When Mildred Velez was looking for her first home in 1965, she settled on a modest place in the Bronx because it had a basement unit for her mother-in-law. Years later, after her mother-in-law died, Mrs. Velez rented the unit to a disabled woman and then to a retired law enforcement officer.
The spacious apartment — with several windows and three ways in and out, including to a backyard — felt like an ideal space for anyone looking for an affordable home in one of the most expensive cities in the country.
But one day in 2018, a city inspector showed up at Mrs. Velez’s front door and delivered some startling news: City regulations prohibited anyone from living in the basement. She was breaking the law.
The violations have plunged Mrs. Velez, 90 — who is still renting out her basement — into a yearslong morass of fines and bureaucracy. It has also made her an emblem of one of New York’s most urgent housing problems: how to deal with the tens of thousands of illegal basement homes that remain an intractable feature of the city’s housing stock.
Those problems were put on stark display in September, when the remnants of Hurricane Ida killed 11 people in basement homes, most of them illegal, prompting calls for a better way to legalize and regulate the homes.
There is no reliable data on basements and cellars that are being illegally rented out across New York City. Some may pose deadly threats to the people who live in them — as illustrated by the deaths during Ida where people drowned and had no way to escape because there were not enough exits. But others may only be illegal because they run afoul of a tangle of technical and possibly outdated city regulations.
The homes are not just important sources of income for working-class or lower income New Yorkers like Mrs. Velez. They are also crucial to addressing the city’s affordable housing shortage.
Yet the case of Mrs. Velez shows how challenging it can be, under existing law, to find a solution.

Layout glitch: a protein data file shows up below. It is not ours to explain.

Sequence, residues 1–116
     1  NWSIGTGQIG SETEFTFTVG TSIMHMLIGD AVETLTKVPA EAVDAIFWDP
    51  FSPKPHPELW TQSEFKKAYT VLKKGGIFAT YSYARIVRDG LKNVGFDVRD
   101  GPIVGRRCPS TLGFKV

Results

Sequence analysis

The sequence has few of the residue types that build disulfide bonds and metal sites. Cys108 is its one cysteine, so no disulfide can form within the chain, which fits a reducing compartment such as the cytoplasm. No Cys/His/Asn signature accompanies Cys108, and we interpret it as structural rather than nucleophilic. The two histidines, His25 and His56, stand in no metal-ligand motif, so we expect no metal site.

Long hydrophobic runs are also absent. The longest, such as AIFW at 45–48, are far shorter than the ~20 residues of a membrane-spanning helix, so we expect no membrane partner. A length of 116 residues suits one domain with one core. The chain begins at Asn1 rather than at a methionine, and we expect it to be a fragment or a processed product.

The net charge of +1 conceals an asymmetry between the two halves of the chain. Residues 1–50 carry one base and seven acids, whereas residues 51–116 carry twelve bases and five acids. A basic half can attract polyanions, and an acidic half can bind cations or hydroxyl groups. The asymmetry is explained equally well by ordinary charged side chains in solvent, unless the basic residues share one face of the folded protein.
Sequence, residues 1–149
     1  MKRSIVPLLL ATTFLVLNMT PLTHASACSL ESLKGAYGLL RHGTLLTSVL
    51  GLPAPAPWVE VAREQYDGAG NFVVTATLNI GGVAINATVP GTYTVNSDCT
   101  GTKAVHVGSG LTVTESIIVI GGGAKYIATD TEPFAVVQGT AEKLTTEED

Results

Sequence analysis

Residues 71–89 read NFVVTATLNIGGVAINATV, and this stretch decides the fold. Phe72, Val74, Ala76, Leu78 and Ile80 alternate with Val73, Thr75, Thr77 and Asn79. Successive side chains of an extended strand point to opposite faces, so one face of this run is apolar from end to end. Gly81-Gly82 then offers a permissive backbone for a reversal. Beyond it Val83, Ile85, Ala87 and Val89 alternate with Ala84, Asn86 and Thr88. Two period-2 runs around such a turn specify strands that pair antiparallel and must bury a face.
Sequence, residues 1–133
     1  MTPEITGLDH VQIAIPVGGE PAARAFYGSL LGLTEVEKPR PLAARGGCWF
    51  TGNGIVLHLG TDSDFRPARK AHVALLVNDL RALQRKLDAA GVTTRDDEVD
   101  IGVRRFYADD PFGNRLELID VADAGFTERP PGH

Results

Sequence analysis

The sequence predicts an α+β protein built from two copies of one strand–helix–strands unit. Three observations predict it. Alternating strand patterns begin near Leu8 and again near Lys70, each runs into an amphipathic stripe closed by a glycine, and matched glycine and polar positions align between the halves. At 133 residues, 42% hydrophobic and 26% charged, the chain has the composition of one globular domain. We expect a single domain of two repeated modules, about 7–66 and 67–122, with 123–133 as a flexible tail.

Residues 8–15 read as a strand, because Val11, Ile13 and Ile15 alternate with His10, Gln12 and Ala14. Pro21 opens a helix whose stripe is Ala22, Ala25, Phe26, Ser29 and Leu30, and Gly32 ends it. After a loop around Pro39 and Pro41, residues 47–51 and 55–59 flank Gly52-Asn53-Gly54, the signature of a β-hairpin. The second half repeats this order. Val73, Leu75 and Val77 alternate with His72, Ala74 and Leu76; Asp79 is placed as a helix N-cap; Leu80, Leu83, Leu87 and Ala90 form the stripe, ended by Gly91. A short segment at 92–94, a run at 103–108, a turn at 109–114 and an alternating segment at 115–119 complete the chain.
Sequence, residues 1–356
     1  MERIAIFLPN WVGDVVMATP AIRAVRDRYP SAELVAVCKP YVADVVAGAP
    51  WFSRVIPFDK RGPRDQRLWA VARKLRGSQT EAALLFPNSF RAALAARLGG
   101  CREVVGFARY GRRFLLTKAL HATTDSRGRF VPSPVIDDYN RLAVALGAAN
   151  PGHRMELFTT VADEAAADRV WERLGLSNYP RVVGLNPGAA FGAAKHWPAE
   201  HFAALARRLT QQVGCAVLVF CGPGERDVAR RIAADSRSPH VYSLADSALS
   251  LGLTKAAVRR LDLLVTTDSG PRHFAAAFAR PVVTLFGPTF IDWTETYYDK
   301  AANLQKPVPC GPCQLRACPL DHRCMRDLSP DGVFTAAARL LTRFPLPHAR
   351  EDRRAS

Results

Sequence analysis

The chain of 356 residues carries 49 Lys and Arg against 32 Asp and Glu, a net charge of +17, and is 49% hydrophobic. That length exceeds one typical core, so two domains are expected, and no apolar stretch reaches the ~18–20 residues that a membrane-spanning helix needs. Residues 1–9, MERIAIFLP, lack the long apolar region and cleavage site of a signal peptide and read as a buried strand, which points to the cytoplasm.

Her violations, which stemmed from an anonymous complaint, appear to center on paperwork filed more than 50 years ago that incorrectly classified the unit as a cellar. Cellars are underground units where at least half the unit is below curb level, and can never be legally rented. But Mrs. Velez’s unit is only a fraction of a foot below curb level.
Getting the paperwork fixed would, according to one estimate provided to Mrs. Velez, involve at least $6,500 for an architect and thousands more in engineering and other work, which Mrs. Velez said she cannot afford. Even if she could, she would then would not be likely to meet other requirements for basement units, like having enough parking space.
Mrs. Velez said her only other income is Social Security, and she needs the rental income from the basement — she charges $800 a month — to support herself. So she continues to accumulate fines on what she maintains has been a livable apartment for decades. City records show, that as of Oct. 6, she faced $18,000 in fines.
“If it wasn’t working in 52 years, you don’t think something would have gone wrong?” she said. “I’m not asking for them to give me anything. I’m just asking them to give me some peace of mind.”
But the city’s Buildings Department maintains that Mrs. Velez needs to stop renting the basement unit or get the permits to amend her paperwork and legalize the apartment. Those permits would be necessary for the city to ensure that qualified people had done any construction work on the unit and that it was a safe place to live.
Andrew Rudansky, a spokesman for the agency, said Mrs. Velez has “been repeatedly provided with detailed guidance” by the department “on how to correct the violating conditions in her cellar.”